benefit from using the asymmetric
Messages protected by participants’ public keys in Figure 2 that were
once secure are rendered insecure by
a PFW. The vulnerability of these encrypting public keys is compensated in
Figure 3 by supplemental messages to
reinstate acceptable security using the
asymmetric secrecy property. These
messages consist of communications
between participants and the server to
exchange secure session keys through
the secure channels provided by the
server’s public key.
Along with existing communication
between participant and server, some
of these supplemental messages are
concatenated with existing messages.
For example, the first two messages in
Figure 2 and Figure 3 perform equivalent actions, though the communication in Figure 3 derives added benefit
from the server’s longer keys. When in-ter-participant communications require
additional security (such as message
3 in Figure 2, originally protected by
PUB), another two messages (such as
3-2 and 3-3 in Figure 3) must be introduced to achieve the security requirement. Note the functionality of
message 3 in Figure 2 is replaced by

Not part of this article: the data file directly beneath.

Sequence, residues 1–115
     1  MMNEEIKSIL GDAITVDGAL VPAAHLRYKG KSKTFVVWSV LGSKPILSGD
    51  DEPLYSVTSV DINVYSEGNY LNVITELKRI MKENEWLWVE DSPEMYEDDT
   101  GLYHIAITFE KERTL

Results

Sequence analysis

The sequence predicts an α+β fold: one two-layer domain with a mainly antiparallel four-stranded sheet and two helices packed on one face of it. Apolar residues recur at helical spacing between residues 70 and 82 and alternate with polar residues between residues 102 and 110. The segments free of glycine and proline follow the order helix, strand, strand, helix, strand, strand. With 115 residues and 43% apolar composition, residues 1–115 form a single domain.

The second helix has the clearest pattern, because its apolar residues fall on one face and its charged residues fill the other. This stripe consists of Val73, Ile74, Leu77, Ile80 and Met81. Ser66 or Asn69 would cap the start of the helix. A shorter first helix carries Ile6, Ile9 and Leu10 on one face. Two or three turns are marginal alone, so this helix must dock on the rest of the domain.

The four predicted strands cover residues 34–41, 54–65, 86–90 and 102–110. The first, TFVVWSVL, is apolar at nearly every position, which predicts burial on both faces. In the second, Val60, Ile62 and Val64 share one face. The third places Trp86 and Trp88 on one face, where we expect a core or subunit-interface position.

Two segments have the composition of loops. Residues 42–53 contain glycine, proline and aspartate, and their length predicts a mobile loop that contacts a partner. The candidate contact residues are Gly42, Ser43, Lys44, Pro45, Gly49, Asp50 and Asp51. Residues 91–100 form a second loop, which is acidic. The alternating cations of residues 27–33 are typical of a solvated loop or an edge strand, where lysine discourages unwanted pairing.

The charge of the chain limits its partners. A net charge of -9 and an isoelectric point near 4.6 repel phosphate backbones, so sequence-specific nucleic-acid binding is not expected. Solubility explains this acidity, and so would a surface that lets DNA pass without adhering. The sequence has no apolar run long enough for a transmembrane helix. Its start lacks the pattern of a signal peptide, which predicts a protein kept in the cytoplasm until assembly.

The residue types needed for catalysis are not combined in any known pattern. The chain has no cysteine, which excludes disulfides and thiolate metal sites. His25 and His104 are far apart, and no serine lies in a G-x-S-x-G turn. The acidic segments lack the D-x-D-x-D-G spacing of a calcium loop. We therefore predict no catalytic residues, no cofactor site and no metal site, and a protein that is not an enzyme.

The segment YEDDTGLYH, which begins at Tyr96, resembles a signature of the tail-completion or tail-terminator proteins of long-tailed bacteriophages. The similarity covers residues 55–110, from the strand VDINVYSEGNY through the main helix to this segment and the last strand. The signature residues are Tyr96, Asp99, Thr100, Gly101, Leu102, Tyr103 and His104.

messages 3-1 to 3-3 in Figure 3.
In our key-exchange protocol,
though two extra messages are required to maintain long-term confidentiality, this added load is required
only when the participants are constructing new secure communications channels when a PFW exists.
The key exchanges are performed only
once per session. This additional overhead is marginal and should be within
the CA’s capacity. Even if that capacity
is exhausted, additional servers can
scale the service and solve the capacity problem in a centralized manner.
Security of cryptographic algorithms
is the most important element in
network applications concerning
confidentiality and authenticity. All
these network activities are based
on trust due to cryptography. Mod-
ern cryptographic methods provide
robust tools for short-term security,
but how can they guarantee files en-
crypted today are also secure until
their planned expiration date? Many
measures have been proposed in the
literature, but most focus on the sig-
nature rather than privacy and lack re-
alistic considerations. In this article,
we have defined PFW to highlight the
insecure period encountered by an en-
crypted file and quantify its long-term
We wish to express our gratitude to
Michael Chang ( email@example.com)
for discussions and his review of the
English in this article.
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Chi-Sung Laih (1956–2010) was a much-loved and
respected distinguished professor in the department of
electrical engineering of national Cheng kung university,
tainan City, taiwan.
Shang-Ming Jen ( firstname.lastname@example.org) is a Ph.d.
student in the department of electrical engineering of
national Cheng kung university, tainan City, taiwan.
Chia-Yu Lu ( email@example.com) is a Ph.d. student in the
department of electrical engineering of national Cheng
kung university, tainan City, taiwan.
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